Apple shares sag on soft forecast of holiday iPhone sales
Apple’s stock dropped by 5% immediately after the company announced results for its September-ending quarter Thursday.
The company exceeded analyst expectations on revenue, but missed expectations on the number of iPhones sold during the quarter.
Revenues came in at a record $62.9 billion. But Apple sold 46.89 million iPhones during the September quarter, and analysts were looking for sales of 47.5 million phones, according to FactSet.
What spooked some investors may have been the guidance Apple gave for its holiday quarter sales. The company projected between $89 billion and $93 billion, while a Bloomberg survey of analysts found an average expectation of $92.7 billion.
The company made its bets for connecting with consumer wants this year when it laid out its new line of iPhones at its press event in September. It upgraded the features of the X with the $999 5.8-inch XS. It went big with a 6.5-inch version of last year’s iPhone X–the $1,099 iPhone XS Max. Perhaps its most intriguing bet was the Xr, which packs the design and many of the features of the iPhone X, but for a nice price–$749, to start.
But the Xr didn’t go on sale until October, so the new low-cost device didn’t play into the September results. At the same time, October sales of the device could definitely have influenced Apple’s forecast for the holiday quarter.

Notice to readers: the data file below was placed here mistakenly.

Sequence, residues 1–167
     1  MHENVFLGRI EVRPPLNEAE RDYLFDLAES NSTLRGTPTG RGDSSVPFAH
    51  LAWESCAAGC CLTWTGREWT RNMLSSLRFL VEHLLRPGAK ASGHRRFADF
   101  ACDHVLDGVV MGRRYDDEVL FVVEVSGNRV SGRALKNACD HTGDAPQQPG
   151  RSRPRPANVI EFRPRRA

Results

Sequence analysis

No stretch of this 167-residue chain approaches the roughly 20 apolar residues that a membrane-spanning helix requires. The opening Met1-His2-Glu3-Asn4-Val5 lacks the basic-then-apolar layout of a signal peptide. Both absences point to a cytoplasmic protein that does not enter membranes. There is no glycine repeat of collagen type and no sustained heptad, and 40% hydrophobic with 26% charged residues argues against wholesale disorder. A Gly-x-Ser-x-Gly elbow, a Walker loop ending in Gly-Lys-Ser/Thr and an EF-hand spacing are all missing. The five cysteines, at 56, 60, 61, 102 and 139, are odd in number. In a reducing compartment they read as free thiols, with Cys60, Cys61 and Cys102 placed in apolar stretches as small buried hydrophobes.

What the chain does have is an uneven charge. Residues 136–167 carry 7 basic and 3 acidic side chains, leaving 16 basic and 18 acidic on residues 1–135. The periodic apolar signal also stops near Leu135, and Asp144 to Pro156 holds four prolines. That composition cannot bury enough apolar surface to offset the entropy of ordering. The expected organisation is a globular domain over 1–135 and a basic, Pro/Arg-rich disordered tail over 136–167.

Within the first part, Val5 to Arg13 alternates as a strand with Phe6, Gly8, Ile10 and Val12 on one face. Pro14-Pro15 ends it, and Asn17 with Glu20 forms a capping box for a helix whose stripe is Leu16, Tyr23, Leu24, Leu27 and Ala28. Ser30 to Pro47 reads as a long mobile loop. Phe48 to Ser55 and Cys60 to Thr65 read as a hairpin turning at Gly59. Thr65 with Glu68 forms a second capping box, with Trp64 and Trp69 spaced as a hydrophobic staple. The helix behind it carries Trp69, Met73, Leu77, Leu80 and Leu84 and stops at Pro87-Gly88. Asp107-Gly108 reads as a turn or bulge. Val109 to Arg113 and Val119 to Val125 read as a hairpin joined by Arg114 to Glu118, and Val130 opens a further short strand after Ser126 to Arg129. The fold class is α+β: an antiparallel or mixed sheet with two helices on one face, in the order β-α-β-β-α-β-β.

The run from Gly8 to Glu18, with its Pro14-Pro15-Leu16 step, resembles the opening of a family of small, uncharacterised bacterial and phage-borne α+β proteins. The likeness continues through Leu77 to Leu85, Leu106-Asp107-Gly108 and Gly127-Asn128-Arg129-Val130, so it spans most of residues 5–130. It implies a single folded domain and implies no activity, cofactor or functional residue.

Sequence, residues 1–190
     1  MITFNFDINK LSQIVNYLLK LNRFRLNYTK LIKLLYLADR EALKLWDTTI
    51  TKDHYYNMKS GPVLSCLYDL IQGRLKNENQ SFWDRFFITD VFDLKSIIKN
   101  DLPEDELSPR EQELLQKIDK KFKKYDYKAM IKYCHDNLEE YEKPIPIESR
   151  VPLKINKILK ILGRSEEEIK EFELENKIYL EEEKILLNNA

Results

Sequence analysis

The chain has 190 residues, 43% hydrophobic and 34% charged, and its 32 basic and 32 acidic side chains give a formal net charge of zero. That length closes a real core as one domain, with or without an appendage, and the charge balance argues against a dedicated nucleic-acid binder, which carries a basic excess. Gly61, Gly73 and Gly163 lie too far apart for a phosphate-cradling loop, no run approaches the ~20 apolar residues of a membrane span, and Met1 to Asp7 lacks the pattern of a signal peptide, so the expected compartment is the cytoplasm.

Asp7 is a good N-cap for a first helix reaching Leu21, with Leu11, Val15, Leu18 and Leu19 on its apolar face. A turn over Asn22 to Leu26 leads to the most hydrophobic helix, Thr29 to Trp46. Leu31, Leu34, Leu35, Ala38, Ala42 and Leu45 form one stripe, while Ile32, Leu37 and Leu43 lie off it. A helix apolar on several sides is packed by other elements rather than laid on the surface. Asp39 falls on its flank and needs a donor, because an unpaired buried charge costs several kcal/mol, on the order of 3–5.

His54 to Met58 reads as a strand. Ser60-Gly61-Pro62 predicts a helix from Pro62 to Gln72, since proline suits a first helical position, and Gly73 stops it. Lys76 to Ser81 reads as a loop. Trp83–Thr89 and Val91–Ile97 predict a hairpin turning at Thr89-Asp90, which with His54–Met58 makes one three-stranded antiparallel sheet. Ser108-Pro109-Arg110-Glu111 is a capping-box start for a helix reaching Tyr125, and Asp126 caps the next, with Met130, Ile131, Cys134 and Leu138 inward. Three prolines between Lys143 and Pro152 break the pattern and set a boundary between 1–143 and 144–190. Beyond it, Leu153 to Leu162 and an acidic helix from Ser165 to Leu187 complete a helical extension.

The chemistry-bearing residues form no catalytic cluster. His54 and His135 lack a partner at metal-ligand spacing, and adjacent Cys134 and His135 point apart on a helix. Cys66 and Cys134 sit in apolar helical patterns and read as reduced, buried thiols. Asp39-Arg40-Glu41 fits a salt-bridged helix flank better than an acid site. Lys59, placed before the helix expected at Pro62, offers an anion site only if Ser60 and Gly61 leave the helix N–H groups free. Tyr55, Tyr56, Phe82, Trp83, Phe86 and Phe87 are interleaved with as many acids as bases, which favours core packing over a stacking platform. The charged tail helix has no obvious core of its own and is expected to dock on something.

Apple is seeing slowing growth in its iPhone business, but it’s making up for that by selling more expensive phones at higher margins, which seems to be working fine. The company reported an average selling price (ASP) of $793 for the September quarter, a big jump from $618 reported in the year-ago quarter, and significantly more than the $729 that analysts had expected.
The iPhone still contributes more than 60% of overall Apple revenues. However, the device is increasingly being seen as a vending machine for Apple services like iCloud and Apple Music. Apple reported $10 billion for the September quarter, and said it’s well on its way to doubling its 2016 Services revenue by 2020.
“We are heading into the holiday quarter with our strongest product line ever and we could not be more bullish about our future,” CEO Tim Cook said on the conference call with analysts.
Apple CFO Luca Maestri said Apple saw double-digit revenue growth in every major geographic region in the world during the quarter. Revenues grew 18% in Europe, 19% in the U.S., and 34% in Japan, Apple reported.
Maestri explained that his company’s holiday quarter guidance had been influenced by the release timing of the new iPhones compared to last year, by shaky consumer confidence in some emerging markets, a strengthening U.S. dollar, and uncertainty over the product-market fit of the many new products Apple now has in its development pipeline.
Apple’s stock lost 3% of its value in October, but is still up 31% for the year.